Thursday, January 24, 2002


"The Packers' season came to an end on Sunday with a crashing thud. They were destroyed by a far superior St. Louis Rams team, blown out by the score of 45-17. Just like those early playoff years of the Favre/Holmgren era, they met up with a team (the Cowboys then, the Rams now) that they seemed to have no chance to beat."

At least that is what you would think if you missed the game, woke up on Monday morning and just read the final score. But on closer inspection, this game had a different feel to it. Oh, the Rams' victory was no fluke, and the Rams are certainly the better team. But unlike the feelings of despair in those years against the Cowboys, when it was clear that the Cowboys were so much better than the Packers that the Packers would never beat them until the Cowboys were well past their prime, this time the Packers seemed pretty close to the victors. Take away the ridiculous number of turnovers (PLEASE take them away!), and the Packers played right with the Rams. In fact, it could be argued that they outplayed them. The Packers had more rushing yards, more passing yards, more time of possession, more of most everything except points, where there was a huge deficit.

So what happened? Well, obviously, enough turnovers for 4 games (6 interceptions, tying a playoff record, and 2 fumbles lost). But the interesting question is, why? Antonio Freeman's fumble was mostly just a great play by Aeneas Williams in stripping the ball. Ahman Green's fumble was the result of poor ball-carrying technique, something he will work on in the off-season.

And then there were the interceptions. The first one (returned for a touchdown) was the obvious result of either Favre or Schroeder making a mistake, but without knowing the details of what the Packers' offensive system is for adjusting routes on the fly, it is difficult to know whose fault it was. Certainly, Schroeder's adjustment (to head up field) was a good idea in the abstract (i.e. apart from whatever the system calls for), because he would have been wide open for a long gain or a touchdown. But Favre and Schroeder have frequently seemed not to be on the same page this year, and as much as it is nice to see the local Sheboygan boy make good, I am not sure he will be back.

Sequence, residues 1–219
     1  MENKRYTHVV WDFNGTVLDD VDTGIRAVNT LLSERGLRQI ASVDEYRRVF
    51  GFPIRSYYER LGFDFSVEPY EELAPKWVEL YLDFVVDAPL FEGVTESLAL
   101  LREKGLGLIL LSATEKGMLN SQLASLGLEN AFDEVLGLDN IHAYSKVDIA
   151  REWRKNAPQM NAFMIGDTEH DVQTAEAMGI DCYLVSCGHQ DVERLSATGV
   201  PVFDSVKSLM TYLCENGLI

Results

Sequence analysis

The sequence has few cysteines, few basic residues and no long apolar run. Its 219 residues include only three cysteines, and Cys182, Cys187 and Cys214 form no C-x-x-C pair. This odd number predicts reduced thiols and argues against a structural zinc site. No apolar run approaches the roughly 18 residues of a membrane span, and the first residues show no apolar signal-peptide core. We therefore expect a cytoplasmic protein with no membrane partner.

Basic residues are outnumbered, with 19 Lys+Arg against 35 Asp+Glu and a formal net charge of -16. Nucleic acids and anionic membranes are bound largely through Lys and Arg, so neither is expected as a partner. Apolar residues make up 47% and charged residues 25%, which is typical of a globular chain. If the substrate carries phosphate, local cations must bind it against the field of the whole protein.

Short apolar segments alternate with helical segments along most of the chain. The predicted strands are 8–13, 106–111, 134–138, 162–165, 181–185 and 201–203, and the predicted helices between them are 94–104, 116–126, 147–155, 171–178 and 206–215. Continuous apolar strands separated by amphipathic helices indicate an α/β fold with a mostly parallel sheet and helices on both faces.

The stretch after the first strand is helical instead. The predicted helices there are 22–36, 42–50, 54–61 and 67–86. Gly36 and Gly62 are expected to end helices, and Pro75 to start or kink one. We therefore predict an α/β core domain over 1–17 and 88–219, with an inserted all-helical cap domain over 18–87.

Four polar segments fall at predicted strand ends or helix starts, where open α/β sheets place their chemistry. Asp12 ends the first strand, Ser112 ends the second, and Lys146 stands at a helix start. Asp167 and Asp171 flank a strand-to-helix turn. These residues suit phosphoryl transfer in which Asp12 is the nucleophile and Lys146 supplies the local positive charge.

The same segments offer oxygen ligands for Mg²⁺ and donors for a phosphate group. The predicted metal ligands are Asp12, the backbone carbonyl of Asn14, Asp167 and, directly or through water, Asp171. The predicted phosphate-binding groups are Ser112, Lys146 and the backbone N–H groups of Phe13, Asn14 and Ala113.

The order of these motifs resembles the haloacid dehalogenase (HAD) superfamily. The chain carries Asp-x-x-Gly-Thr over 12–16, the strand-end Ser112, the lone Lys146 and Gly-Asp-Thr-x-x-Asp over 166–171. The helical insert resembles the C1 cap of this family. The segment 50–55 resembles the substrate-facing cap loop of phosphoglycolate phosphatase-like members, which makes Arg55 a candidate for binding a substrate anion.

Four of the interceptions came on tipped balls, so there was a certain fluky aspect to those interceptions, although there is plenty of room to question both Favre's judgment on some of the throws, and the inability of the Packer receivers to pull the balls down.

More and more, and after re-watching most of the game, I am coming around to the view that the problem was a combination of several factors: (1) a slightly over-aggressive (and thus risky) approach to the game plan; (2) the fact that this risky approach came home to roost in the form of several early interceptions, one for a touchdown and one for a near touchdown, so that early in the second quarter the Packers were down 21-7; (3) the fact that one of the breaks that could have kept the Packers in the game (Rossum's kickoff return for a touchdown) was called back on a penalty; and (4) the fact that the early 14 point lead allowed the Rams to start playing almost a prevent type defense, which, combined with the continuing aggressive approach by the Packers' offense, led to an obscene number of interceptions.

What I mean by the slightly over-aggressive approach is this. The Packers seemed to come into the game with the attitude that they needed to score a lot of points to win the game, so they went right after it, somewhat aggressively, from the start. No jockeying for field position, not a lot of runs or short passes, but a lot of medium range or longer passes. Now that is not a bad thing; in fact I think it was a good strategy. But unfortunately it is a higher-risk strategy, and it backfired on the Packers when the early turnovers started putting extra points on the scoreboard for the Rams. And as the Rams got ahead, and as the minutes for a possible comeback ticked off the clock, it led to an ever-increasing sense of desperation for the Packers, so they started putting the ball up even more, trying to squeeze it into small spaces, etc. And this just allowed the Rams' defensive backs to have a field day.

Mike Sherman, in his dual role as head coach and general manager, will have a busy off-season. It will have been a successful off-season, in my view, if he is able to upgrade the wide receiver corps. Right now, the Packers' wide receivers are not keeping defensive coordinators from sleeping at night. The Packers need a substantial improvement of at least one of their starting wide receivers, whether through maturation of players on the existing roster, through free agency, or through the draft. A relatively modest improvement at wide receiver will really open up the running game, and help to take some pressure off of Favre.

And then, if he has some free time left over, it would be good if he could figure out a way to keep the team better motivated against bad teams. The Packers lost three games to non-playoff teams this year, Atlanta, Minnesota, and Tennessee. Turn one of those losses into a win, and the Packers would have won the division and had a bye week in the playoffs. Turn two of them into victories, and the Packers would have had home field advantage throughout the playoffs. Games against bad teams are always important, every year. But looking back at the 2001 season, the importance of those games could not have been clearer for the Packers.

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